I don't know a whole lot about these either, but I believe it's just a way to relate momentum and velocity for waves, since we would only use the deBroglie equation (that also relates to momentum) for particles. E=pc is the same as E=pv, but it is just specific to light as the velocity, v, is replac...
Tue Oct 27, 2020 12:27 pm
Forum: Properties of Light
Topic: 18 on Wave Properties of Electrons and De Broglie Equation Module
Replies: 1
Views: 25

Re: 18 on Wave Properties of Electrons and De Broglie Equation Module

I think this is just referring to the wave-particle duality of light and the double slit experiment. The double slit experiment found that light acts like a wave since it produces a diffraction pattern when it is shone through two slits in a barrier, rather than just shining through directly in a st...
Tue Oct 27, 2020 12:16 pm
Forum: Bohr Frequency Condition, H-Atom , Atomic Spectroscopy
Topic: Atomic Spectra AV Module
Replies: 2
Views: 22

Re: Atomic Spectra AV Module

Because frequency can't be negative, you will either want R and what's in the parentheses to both be negative(so the negatives cancel) or both be positive. For me, I have been using v=R(1/nf^2 - 1/ni^2) which seems to work best. I always use nfinal as the lower energy level, even if the question sa...
Tue Oct 27, 2020 11:49 am
Forum: Bohr Frequency Condition, H-Atom , Atomic Spectroscopy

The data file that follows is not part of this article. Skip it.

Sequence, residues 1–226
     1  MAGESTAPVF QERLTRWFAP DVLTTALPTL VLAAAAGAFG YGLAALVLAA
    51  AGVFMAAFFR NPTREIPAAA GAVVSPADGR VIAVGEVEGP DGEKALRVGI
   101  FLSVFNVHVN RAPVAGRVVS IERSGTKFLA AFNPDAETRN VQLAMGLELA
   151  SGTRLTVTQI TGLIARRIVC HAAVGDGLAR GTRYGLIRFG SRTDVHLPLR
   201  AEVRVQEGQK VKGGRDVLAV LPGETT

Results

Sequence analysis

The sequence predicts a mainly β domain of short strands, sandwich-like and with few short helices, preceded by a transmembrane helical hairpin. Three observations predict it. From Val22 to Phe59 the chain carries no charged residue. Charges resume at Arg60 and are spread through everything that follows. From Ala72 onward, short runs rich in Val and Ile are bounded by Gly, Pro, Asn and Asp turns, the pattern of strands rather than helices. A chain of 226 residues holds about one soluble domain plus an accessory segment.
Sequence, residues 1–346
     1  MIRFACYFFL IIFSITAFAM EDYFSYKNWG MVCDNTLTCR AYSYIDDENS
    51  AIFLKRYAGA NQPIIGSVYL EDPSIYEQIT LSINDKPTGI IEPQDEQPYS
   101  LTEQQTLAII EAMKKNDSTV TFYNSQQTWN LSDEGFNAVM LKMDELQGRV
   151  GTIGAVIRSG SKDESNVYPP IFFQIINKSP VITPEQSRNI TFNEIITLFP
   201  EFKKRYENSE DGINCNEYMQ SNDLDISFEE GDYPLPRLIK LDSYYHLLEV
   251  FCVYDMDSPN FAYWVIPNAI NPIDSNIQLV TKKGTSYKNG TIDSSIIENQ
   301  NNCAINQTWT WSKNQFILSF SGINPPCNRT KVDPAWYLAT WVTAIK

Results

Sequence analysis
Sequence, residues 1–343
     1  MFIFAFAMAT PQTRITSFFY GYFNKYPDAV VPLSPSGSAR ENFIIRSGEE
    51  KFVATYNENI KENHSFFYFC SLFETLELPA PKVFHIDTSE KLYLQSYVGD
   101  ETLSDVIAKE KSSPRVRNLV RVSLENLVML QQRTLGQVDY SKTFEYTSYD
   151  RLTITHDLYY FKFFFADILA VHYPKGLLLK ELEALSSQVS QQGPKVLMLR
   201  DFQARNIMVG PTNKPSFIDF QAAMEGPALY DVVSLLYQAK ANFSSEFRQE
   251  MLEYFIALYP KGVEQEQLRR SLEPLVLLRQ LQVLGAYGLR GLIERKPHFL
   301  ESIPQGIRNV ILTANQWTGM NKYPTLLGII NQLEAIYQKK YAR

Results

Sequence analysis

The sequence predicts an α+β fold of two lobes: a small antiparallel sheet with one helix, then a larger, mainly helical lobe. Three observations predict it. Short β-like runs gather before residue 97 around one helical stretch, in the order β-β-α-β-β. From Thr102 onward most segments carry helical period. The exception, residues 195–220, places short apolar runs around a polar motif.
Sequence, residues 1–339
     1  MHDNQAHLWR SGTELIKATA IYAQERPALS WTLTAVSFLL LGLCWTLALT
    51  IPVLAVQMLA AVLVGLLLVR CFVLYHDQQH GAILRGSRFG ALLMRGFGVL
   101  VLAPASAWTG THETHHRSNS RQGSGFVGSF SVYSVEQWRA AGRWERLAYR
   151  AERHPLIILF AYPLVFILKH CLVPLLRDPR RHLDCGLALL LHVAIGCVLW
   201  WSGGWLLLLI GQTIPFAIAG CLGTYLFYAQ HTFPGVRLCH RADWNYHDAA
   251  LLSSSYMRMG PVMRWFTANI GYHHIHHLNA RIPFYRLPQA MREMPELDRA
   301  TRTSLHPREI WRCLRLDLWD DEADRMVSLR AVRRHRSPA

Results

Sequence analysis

Topic: Atomic Spectra AV Module
Replies: 2
Views: 22

Atomic Spectra AV Module

Hi, I was a bit confused about this note made regarding the Rydberg equation in the Atomic Spectra AV module video. If R is already negative, why would we need to have a negative sign between the terms as well? I might just have the equation written down incorrectly..thank you in advance!
Tue Oct 27, 2020 11:10 am
Forum: Student Social/Study Group
Topic: external camera
Replies: 5
Views: 52

Re: external camera

Yep you just need one external camera and something with Respondus downloaded to take the exam on
Mon Oct 26, 2020 3:29 pm
Forum: Student Social/Study Group
Topic: Additional Help/ Workshops
Replies: 7
Views: 78

Re: Additional Help/ Workshops

They are really helpful! At one I went to this week, the UA prepared content review/notes for some of the midterm concepts and practice problems she made herself that were different from the homework/textbook problems If it's too much to ask what are some topics that they brought up that were of gr...
Mon Oct 26, 2020 3:25 pm
Forum: Wave Functions and s-, p-, d-, f- Orbitals
Topic: Schrodinger's Equation
Replies: 3
Views: 41

Re: Schrodinger's Equation

Dr. Lavelle mentioned in office hours to not worry too much about this for the midterm, as we are not expected to know any of the math behind it!
Wed Oct 21, 2020 3:50 pm
Forum: Student Social/Study Group
Topic: Additional Help/ Workshops
Replies: 7
Views: 78

Re: Additional Help/ Workshops